(Title Image: South Wales Argus)
Time for another discussion on what might be a future backbench Member’s Bill. It was the turn of Rhun ap Iorwerth AM (Plaid, Ynys Môn), who is proposing a law to ensure that all new buildings must have charging points for electric vehicles.
- See also: The end of the engine? (State of Wales)
He acknowledged that electric vehicles are still a novelty here, but with plans for the UK to phase out diesel and petrol engines from 2040, it was time for Wales to lead the change and one of the biggest barriers was charging electric vehicles.
Plaid Cymru agreed to £2million for additional installation of charging spaces as part of its last budget deal with Labour, but Wales is already far behind the rest of the UK, with 1 public charging space for every 99,000 people compared to 1 for every 4,000 people in north east England.
Lee Waters AM (Lab, Llanelli) welcomed the proposal as wider use of electric vehicles could improve air quality. However, he warned that it’s not a carbon neutral technology as the electricity will need to be produced by renewables to be so – later repeated by Jenny Rathbone AM (Lab, Cardiff Central) who herself would like to see charging points themselves powered by renewables.
Shadow Environment Minister, David Melding AM (Con, South Wales Central), echoed what Lee Waters said about renewable electricity and believed public buildings should lead the way on providing charging spaces. He was open-minded on whether this needs a law or can be done through traditional planning policy.
Michelle Brown AM (UKIP, North Wales) believed planning guidance had to change as technology and society changes but had concerns that the cost of putting charging points outside new homes would be passed on to buyers and taxpayers.
Simon Thomas AM (Plaid, Mid & West Wales) would like to stop the sale of petrol and diesel vehicles by 2030, but it’s likely to take until 2042. He wanted to see a national network of clearly branded charging points that are “open source” and suitable for all types of electric vehicles, not restricted to a particular brand. Simon was also concerned about lack of grid capacity in parts of Wales, with the National Grid saying it won’t be possible to use 1MW batteries for at least a decade.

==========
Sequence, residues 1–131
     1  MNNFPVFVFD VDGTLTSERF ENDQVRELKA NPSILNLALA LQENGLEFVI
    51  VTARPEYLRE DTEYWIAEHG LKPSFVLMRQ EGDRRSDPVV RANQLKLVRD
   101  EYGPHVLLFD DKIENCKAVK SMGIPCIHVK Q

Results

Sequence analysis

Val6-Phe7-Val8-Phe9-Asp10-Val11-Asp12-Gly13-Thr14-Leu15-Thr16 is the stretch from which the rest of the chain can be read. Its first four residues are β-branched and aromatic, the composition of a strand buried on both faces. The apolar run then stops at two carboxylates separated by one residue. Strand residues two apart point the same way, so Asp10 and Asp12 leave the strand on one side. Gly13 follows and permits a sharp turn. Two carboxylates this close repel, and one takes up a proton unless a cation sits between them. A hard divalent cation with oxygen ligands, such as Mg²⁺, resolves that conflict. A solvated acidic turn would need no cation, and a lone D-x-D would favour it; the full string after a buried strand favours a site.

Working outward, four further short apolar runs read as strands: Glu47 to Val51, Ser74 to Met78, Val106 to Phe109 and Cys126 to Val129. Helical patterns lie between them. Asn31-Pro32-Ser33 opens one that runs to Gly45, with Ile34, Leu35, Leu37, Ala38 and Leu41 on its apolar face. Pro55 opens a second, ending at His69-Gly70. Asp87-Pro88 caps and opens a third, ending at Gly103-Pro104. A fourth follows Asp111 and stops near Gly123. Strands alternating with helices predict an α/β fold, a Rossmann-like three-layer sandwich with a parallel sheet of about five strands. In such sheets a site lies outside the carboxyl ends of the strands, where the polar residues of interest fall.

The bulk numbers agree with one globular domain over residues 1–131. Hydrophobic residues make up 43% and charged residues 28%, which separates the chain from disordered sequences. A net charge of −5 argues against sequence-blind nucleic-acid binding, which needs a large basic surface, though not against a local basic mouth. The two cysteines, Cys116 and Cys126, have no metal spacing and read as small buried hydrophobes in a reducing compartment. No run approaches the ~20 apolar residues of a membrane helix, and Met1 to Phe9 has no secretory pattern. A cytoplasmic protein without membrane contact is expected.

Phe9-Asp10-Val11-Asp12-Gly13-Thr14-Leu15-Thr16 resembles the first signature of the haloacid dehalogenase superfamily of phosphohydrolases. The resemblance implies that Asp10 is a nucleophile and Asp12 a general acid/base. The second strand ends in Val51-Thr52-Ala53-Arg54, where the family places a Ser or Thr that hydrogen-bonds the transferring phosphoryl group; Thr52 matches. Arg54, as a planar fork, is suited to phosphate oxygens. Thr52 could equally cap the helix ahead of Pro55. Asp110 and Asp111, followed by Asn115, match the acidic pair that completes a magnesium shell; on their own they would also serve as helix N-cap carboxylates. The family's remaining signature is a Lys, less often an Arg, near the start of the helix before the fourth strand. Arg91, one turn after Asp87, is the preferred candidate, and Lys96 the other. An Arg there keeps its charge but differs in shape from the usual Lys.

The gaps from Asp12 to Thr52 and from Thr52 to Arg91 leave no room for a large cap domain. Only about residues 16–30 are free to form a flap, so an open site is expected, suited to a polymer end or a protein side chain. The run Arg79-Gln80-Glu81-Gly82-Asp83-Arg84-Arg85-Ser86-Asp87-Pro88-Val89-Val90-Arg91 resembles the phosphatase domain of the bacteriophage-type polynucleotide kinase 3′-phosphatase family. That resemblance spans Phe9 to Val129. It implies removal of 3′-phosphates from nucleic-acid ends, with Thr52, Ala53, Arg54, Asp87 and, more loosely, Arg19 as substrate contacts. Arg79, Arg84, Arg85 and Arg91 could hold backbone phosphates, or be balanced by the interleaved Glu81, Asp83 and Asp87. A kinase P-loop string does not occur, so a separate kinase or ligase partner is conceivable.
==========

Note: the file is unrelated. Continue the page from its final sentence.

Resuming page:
Energy, Planning & Rural Affairs Secretary, Lesley Griffiths (Lab, Wrexham) told AMs she was determined to do “all she can” to encourage the use of electric vehicles. She was, however, unconvinced that a law was the appropriate way forward.
Instead, planning policy has been upgraded to require 10% of new non-residential parking spaces to have charging points – the first government in the UK to do this – there’ll also be stricter building regulations (including a requirement for charging spaces) due to come into force in 2020.
In reply, Rhun said many good points were raised. He recognised the work the Welsh Government was already doing, but questioned their ambition; “if we’re playing catch up now, let’s catch up really, really hard”.